Truck hijacking (British English: lorry hijacking) is the taking of a truck by force, or the threat of force to the driver, for the consignment being carried, or for using the vehicle for other illegal purposes including terrorism.
Unlike carjacking, where the vehicle is taken over for the purpose of car robbery, the object of truck hijacking may alternatively be to steal the load, which is easier to sell than the commercial vehicle itself. Alternative motives are for using the vehicle for other illegal purposes. Truck hijackers are usually violent, professional thieves, who have planned the method of attack, the captivity of the driver, and a location where the trailer will be unloaded, and have the capacity to fence the load once they have it.
Fundamental to all truck hijacking is that the vehicle is in a stop position. The attack, therefore, can take place at any time the vehicle is stationary. However, the thieves often use social engineering techniques to ensure that the vehicle stops at an agreed, or convenient, location to the hijackers.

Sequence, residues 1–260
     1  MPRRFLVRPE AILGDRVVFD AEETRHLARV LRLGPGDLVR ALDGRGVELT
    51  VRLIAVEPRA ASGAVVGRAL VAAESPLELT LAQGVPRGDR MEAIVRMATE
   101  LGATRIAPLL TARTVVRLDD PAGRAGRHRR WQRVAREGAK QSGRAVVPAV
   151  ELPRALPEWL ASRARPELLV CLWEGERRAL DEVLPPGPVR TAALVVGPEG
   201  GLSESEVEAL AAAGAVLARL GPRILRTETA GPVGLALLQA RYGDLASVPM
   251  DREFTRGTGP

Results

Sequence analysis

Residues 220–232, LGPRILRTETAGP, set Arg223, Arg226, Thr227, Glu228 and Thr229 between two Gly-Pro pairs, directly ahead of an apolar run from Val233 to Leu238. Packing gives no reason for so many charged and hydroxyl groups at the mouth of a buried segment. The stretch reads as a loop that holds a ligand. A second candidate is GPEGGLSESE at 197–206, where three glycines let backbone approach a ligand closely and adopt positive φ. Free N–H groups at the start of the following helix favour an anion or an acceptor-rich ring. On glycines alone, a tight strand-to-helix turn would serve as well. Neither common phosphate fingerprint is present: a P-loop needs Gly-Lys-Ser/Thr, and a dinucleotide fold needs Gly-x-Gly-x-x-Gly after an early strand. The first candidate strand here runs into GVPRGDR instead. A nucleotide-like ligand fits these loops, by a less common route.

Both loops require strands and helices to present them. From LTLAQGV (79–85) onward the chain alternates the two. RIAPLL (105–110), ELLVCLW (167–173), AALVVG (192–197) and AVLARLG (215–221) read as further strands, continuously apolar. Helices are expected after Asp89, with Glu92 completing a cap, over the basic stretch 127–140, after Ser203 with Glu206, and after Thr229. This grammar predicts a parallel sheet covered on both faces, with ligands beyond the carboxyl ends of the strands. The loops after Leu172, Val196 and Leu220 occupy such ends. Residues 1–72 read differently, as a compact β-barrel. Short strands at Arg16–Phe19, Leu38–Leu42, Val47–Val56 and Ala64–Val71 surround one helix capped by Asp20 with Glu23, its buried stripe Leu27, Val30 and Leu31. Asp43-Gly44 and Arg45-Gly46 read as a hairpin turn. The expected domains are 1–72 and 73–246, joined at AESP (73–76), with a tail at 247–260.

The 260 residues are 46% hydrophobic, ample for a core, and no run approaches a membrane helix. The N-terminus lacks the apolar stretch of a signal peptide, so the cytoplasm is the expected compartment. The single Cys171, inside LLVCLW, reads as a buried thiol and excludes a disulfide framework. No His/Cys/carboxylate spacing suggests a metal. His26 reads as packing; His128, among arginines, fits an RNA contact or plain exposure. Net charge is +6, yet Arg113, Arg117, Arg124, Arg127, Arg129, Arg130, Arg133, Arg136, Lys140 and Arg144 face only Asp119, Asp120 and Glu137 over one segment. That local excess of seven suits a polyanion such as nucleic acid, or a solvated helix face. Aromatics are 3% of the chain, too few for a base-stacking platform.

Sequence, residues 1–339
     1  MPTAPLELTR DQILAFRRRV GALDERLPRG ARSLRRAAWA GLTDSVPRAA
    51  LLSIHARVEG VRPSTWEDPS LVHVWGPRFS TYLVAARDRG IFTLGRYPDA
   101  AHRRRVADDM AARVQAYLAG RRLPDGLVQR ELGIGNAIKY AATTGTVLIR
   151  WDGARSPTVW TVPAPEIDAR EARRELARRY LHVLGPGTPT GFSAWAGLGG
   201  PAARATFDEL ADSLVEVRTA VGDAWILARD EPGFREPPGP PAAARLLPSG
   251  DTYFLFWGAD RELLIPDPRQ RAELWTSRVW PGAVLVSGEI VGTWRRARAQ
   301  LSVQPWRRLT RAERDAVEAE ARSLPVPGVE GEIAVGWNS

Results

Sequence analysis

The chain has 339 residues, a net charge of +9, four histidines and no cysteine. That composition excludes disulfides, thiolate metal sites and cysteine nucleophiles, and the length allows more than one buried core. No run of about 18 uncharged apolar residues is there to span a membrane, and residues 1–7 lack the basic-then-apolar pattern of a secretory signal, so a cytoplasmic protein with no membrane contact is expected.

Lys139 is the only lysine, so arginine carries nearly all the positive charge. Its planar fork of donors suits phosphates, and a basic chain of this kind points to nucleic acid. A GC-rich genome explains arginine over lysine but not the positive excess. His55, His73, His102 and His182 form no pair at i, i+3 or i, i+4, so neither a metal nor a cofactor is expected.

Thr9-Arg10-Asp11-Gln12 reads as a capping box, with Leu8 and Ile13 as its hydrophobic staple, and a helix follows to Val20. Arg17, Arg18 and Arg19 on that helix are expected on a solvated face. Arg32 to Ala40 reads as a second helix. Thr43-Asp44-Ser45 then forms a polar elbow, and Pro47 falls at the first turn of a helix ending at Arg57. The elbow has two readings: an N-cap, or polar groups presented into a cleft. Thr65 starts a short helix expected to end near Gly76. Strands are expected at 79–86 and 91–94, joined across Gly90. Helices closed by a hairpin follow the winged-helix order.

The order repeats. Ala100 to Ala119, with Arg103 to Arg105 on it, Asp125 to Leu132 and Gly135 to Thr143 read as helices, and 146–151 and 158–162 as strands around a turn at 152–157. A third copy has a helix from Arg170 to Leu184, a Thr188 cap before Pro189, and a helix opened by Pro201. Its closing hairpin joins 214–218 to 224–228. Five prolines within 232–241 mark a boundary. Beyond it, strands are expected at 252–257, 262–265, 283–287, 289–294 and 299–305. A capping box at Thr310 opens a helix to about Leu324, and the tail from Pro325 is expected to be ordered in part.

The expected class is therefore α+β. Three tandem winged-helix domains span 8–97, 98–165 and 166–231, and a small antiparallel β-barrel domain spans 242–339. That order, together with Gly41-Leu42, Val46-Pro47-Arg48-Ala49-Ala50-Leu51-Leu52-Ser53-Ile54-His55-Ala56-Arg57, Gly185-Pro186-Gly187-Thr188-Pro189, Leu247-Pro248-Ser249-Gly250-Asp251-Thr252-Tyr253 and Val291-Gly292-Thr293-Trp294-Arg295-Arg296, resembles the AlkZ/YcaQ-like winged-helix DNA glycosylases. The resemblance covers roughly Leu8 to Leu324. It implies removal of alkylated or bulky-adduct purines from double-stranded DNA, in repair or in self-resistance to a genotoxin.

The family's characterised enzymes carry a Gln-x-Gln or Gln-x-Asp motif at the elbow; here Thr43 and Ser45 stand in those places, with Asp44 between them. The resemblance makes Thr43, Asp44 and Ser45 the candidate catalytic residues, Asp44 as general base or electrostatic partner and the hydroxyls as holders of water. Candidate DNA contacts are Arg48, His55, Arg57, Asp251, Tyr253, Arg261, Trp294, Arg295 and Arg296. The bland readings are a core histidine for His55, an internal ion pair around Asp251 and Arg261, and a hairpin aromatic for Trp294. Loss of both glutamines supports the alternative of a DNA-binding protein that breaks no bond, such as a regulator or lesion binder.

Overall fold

The initial approach may necessitate creating a situation where the driver is more relaxed in a 'stop' location, whether at a location where the driver is taking a break, or purportedly being stopped by police.
The truck driver is then quickly overpowered, and often placed in the passenger-side foot well, bunk area, in another vehicle used by the thieves or simply left on the road. On occasions, he can be forced to drive the hijacked truck to a destination dictated by the hijackers, whilst in fear of, or under threat of, violence. Vehicle tracking technology can help detect this kind of detour.
Any load can be subject to hijack; it is not only vehicles that are pulling/carrying high-value loads. Key areas of awareness are fundamental for any truck driver who may face hijacking. Awareness of the situation should take into account when a driver is most vulnerable, being approached using subterfuge and opportunity.